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How Do I Get a Culinary Associate's Degree?

A culinary associate's degree generally leads to a career in the hospitality industry.
Hands-on learning helps a chef gain valuable experience in the kitchen.
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  • Written By: Misty Amber Brighton
  • Edited By: C. Wilborn
  • Last Modified Date: 01 July 2014
  • Copyright Protected:
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Earning a culinary associate's degree is often the first step toward a career in the hospitality industry. Before beginning your studies, you will need to meet the pre-educational requirements and have good work or school attendance. Learning about the specialty areas offered in many programs can help you determine where to focus your training. While you are a student, you will likely perform much of your course work in a commercial kitchen, with periodic performance evaluations largely determining your progress. These evaluations normally lead up to a final project for you to complete before receiving your diploma.

When applying for admission to a culinary associate's degree program, you must normally be a high school graduate first. During the application process, an advisor may ask you for your high school diploma or employment attendance records. Schools are sometimes hesitant to admit candidates who have attendance problems, since each class session may build upon previous ones. Since you might often work in a team setting, an interview with the dean could be required to see if you have good interpersonal skills.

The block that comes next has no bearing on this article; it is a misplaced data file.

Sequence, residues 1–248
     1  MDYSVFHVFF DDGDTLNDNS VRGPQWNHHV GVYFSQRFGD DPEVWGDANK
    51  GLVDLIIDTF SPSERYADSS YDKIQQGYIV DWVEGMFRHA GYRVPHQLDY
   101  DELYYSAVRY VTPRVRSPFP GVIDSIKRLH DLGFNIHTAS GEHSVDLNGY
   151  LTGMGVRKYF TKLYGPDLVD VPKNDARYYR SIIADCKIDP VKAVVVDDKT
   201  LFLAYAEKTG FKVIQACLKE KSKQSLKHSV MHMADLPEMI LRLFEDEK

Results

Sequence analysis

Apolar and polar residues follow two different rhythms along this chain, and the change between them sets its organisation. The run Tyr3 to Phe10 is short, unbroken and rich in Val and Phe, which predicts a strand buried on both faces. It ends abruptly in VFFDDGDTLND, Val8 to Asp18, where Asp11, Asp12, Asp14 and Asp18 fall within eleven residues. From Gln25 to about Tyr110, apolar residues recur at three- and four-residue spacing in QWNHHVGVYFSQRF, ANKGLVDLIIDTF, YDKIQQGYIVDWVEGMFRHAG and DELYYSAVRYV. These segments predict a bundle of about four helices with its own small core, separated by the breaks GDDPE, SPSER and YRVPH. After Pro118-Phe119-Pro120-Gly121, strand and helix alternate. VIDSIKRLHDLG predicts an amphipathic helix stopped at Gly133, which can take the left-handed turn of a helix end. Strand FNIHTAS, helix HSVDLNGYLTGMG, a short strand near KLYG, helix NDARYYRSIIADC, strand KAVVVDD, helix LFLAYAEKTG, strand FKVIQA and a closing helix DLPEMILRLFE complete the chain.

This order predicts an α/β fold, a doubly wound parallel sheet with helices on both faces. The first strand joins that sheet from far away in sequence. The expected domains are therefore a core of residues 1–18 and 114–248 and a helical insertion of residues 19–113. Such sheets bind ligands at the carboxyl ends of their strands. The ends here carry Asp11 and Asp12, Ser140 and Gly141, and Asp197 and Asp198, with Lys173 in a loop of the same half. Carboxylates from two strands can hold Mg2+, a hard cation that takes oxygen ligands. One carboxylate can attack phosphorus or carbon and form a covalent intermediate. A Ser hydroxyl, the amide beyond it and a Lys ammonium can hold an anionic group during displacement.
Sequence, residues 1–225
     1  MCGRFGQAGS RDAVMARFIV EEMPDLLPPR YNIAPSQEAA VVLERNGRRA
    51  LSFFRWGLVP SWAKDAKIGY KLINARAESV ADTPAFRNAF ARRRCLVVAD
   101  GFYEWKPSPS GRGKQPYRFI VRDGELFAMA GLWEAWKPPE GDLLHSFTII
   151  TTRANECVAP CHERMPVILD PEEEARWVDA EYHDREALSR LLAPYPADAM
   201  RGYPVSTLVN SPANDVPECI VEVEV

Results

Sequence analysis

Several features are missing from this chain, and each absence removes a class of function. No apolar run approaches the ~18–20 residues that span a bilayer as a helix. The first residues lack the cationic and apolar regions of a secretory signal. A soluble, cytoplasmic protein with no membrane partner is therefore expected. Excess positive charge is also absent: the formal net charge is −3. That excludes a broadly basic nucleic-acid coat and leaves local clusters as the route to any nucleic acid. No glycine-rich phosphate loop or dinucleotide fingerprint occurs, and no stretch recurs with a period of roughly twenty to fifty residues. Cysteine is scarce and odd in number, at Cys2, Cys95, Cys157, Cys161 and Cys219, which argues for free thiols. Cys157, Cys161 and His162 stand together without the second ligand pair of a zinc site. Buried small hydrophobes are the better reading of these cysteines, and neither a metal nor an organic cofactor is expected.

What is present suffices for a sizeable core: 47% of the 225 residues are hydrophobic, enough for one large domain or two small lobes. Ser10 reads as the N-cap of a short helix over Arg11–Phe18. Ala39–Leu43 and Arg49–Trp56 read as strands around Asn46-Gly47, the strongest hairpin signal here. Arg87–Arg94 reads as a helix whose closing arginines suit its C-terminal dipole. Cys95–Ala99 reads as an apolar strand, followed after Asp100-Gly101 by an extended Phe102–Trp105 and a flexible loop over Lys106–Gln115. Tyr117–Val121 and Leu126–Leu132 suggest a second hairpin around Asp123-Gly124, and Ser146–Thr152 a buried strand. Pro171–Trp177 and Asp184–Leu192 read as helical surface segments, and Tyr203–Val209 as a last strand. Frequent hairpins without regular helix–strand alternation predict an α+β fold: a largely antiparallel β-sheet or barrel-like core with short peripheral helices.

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A culinary associate's degree program may offer more intensive training during the second year so you can focus on meeting your career goals. You could specialize in baking, tourism, or catering, for example, and each one of these might involve different cooking methods. A college catalog normally lists each class required for a degree program and then gives detailed information about the subject matter. You can usually obtain this material from your college for free, so looking over this material can help you decide which path is better.

Most classes taken toward a culinary associate's degree involve hands-on exercises where you can gain practical experience. Some of the things you may learn include cutting meat, cake decorating, and chopping vegetables. You might also prepare different cultural foods or be asked to develop new recipes. Students are usually tested by performing certain tasks in front of a panel of judges who evaluate their techniques and then taste the finished product. Satisfactory completion of basic culinary skills is normally required before you can take more advanced training.

Many schools require culinary students to pass a final exam. This often includes hosting a major event, such as a wedding or a party planned by the school's faculty. By participating in one of these events, the administration can be confident you have the necessary skills to become a culinary arts professional no matter what career path you eventually choose.

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